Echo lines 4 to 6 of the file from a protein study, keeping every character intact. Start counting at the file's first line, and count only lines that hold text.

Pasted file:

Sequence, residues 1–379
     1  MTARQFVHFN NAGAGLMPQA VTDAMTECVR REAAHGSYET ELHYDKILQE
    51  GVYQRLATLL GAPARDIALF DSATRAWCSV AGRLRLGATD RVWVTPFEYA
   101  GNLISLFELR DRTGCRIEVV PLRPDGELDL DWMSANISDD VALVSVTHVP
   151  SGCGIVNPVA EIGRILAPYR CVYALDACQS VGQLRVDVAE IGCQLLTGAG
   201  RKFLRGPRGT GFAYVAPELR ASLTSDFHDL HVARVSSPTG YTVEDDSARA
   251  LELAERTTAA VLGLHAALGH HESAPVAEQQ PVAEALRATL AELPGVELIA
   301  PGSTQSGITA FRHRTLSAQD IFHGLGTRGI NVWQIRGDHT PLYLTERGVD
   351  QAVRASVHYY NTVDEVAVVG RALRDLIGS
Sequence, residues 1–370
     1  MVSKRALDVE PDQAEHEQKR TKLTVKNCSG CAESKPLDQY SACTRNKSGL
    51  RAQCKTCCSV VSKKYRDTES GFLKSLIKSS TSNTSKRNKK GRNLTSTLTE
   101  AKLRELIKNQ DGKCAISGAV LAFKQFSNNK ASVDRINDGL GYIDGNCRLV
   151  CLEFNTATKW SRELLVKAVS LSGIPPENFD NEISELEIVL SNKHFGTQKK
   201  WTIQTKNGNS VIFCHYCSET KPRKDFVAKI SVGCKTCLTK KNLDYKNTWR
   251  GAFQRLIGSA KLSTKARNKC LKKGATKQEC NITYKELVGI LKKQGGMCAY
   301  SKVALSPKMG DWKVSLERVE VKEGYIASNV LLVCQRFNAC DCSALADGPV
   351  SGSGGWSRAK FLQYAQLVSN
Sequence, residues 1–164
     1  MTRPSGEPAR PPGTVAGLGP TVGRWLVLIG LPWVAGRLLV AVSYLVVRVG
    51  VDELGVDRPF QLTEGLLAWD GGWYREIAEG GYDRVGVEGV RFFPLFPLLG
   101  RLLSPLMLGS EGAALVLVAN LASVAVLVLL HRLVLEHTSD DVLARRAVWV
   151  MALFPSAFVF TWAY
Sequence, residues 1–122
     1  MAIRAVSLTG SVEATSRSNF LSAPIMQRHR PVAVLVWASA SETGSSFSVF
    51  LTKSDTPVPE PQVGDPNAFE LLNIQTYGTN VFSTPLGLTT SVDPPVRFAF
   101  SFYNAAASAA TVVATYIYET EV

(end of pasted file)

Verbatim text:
   101  GNLISLFELR DRTGCRIEVV PLRPDGELDL DWMSANISDD VALVSVTHVP
   151  SGCGIVNPVA EIGRILAPYR CVYALDACQS VGQLRVDVAE IGCQLLTGAG
   201  RKFLRGPRGT GFAYVAPELR ASLTSDFHDL HVARVSSPTG YTVEDDSARA